On the surface, writing and engineering don’t seem to have much in common. But the link between the two is more than apparent to Suzanne Lane ’85, who’s been director of MIT’s Writing, Rhetoric, and Professional Communication (WRAP) program since 2013.
“I made our program’s motto ‘Building tomorrow’s world in words,’” she says. “Writing and communicating is invention, and it shapes our relationships. It shapes our material world. Almost everything that happens in the world is first a plan that then has to get articulated.”
WRAP, part of Comparative Media Studies/Writing (CMS/W), improves students’ communication skills through four communications-intensive undergraduate requirements. “We help students understand the central genres in their discipline,” she says. “How do you make those genres—say, a white paper or a presentation—work effectively? How do you design your writing for your audience?”
Writing and communicating is invention, and it shapes our relationships. It shapes our material world. Almost everything that happens in the world is first a plan that then has to get articulated.
Trained both as an engineer and a writer, Lane has long loved both pursuits. “I heard a lot as a kid that I should be an engineer, because I was very good at math and I was often modeling and inventing things,” she says. “And I always loved to read. Summer, everybody else would be outside. I would be like, ‘Great. I can just sit inside and read all day.’”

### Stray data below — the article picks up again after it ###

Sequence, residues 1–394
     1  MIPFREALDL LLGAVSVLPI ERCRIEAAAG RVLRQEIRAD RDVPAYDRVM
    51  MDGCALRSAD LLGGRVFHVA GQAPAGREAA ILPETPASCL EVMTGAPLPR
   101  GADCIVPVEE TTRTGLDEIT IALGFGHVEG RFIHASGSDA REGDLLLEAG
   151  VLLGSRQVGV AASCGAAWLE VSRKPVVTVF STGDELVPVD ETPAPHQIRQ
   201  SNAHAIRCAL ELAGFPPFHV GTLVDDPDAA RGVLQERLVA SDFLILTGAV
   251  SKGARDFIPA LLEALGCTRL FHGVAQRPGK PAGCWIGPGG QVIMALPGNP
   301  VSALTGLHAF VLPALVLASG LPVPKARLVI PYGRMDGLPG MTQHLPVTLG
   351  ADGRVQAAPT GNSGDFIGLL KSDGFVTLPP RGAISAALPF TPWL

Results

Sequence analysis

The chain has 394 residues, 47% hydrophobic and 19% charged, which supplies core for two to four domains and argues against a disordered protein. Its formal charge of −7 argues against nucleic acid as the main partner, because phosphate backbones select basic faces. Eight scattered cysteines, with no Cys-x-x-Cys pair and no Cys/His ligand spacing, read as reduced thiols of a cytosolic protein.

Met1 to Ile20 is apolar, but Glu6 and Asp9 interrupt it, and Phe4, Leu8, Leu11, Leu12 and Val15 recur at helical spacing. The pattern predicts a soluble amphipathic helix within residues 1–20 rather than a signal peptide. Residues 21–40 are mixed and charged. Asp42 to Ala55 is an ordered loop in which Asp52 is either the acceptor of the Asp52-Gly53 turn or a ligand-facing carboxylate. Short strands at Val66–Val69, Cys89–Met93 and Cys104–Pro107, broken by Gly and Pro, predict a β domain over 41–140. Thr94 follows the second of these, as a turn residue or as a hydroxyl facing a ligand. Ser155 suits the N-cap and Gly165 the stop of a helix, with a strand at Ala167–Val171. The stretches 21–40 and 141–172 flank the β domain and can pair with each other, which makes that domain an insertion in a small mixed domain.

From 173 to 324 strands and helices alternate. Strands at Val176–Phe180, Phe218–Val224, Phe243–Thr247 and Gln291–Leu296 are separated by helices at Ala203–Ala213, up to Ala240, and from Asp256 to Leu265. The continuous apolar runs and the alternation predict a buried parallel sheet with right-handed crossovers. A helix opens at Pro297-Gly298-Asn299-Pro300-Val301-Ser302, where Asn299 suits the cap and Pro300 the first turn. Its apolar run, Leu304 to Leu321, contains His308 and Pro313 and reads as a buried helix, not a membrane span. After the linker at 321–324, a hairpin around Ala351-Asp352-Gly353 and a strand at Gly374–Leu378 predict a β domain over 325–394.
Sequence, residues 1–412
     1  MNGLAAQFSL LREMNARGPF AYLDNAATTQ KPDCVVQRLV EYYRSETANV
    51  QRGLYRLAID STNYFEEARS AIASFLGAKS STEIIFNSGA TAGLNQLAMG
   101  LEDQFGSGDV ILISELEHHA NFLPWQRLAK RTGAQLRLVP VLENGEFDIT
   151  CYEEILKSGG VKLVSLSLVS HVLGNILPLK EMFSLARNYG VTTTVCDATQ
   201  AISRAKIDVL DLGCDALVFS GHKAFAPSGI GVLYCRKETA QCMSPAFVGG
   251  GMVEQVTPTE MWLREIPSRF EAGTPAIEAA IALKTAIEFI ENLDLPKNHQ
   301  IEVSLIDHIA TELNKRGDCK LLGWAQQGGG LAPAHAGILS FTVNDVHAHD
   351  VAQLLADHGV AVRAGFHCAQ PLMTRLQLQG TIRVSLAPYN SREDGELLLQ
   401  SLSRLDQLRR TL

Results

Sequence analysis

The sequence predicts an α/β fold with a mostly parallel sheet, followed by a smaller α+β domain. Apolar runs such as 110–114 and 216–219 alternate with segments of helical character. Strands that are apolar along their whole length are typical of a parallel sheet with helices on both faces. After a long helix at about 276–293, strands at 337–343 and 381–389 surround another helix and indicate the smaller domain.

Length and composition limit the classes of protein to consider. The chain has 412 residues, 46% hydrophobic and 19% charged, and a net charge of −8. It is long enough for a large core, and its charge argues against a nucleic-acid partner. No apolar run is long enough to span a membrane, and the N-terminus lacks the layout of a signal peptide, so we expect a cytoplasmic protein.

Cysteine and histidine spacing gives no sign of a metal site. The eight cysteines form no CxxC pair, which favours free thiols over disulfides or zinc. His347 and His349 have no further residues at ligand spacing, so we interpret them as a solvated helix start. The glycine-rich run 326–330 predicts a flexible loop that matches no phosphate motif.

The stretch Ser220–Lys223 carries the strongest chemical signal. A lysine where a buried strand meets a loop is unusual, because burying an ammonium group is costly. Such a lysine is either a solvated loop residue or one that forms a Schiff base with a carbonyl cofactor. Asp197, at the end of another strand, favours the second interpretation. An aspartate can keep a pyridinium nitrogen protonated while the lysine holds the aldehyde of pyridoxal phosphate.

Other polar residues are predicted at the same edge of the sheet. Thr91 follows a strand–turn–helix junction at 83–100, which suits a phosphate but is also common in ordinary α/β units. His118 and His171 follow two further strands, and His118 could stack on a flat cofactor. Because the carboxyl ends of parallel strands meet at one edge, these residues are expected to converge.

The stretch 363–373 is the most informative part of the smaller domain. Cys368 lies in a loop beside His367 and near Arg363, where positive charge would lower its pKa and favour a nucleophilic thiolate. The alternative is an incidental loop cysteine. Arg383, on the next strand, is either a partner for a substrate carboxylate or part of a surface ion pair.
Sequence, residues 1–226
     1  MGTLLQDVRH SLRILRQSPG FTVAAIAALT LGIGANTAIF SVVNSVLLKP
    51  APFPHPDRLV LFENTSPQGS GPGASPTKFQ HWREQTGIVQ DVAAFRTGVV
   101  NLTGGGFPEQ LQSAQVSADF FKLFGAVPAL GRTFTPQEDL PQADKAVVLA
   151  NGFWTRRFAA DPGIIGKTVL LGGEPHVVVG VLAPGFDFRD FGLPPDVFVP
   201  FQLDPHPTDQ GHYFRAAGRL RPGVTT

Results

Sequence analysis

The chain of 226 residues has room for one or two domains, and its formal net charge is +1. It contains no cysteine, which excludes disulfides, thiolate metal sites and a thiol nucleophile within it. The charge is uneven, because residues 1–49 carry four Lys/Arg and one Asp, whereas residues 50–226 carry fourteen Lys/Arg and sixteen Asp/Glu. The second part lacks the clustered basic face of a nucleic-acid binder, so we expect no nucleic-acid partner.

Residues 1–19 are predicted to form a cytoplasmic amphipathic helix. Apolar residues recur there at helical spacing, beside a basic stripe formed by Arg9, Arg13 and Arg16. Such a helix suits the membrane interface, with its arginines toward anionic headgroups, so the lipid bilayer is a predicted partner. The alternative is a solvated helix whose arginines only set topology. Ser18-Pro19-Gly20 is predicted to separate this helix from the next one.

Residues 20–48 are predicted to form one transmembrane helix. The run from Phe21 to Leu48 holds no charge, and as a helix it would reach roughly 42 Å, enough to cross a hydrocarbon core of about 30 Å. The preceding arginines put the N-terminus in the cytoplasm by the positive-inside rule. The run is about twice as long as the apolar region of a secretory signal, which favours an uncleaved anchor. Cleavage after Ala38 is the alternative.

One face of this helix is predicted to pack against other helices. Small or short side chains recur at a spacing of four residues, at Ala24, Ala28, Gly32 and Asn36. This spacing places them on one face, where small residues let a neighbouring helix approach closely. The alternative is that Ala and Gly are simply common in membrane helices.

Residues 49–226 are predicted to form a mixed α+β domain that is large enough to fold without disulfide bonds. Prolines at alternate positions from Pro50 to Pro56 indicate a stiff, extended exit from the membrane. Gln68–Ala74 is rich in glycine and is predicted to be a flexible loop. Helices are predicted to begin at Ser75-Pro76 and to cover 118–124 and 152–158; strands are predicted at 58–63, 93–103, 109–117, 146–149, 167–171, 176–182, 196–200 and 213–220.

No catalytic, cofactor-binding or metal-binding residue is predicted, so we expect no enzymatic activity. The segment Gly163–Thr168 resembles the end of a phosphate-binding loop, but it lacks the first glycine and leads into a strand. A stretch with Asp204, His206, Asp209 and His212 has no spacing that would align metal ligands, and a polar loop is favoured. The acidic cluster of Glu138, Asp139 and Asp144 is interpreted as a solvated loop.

At MIT, where she majored in chemical engineering with a concentration in literature, she found an energetic community of like-minded people. “It was creative and exciting and incredibly social, and just a lot of fun,” says Lane. “I had the most wonderful instructor [for expository writing], Kate Burnett … it was a great joy to me that when I came back years later, I got to teach that same class.”
Lane worked in engineering for a few years, then got an MFA in creative writing from the University of Colorado, Boulder, and a PhD in English with a focus on rhetoric from UMass Amherst. Rhetoric, or understanding how writing and narrative can be made to work better, is “a very engineering question but applied to communication,” she says.
After teaching in Harvard’s expository writing program, she returned to MIT in 2008 to join WRAP. When not teaching, she studies how to improve communication education through Archimedia, WRAP’s research arm. WRAP’s overall efforts recently earned a certificate of excellence from the Conference on College Composition and Communication.
“In order for people to work together, they have to be able to communicate,” she says. “They have to literally be on the same page.”
This article also appears in the November/December 2022 issue of MIT News magazine, published by MIT Technology Review.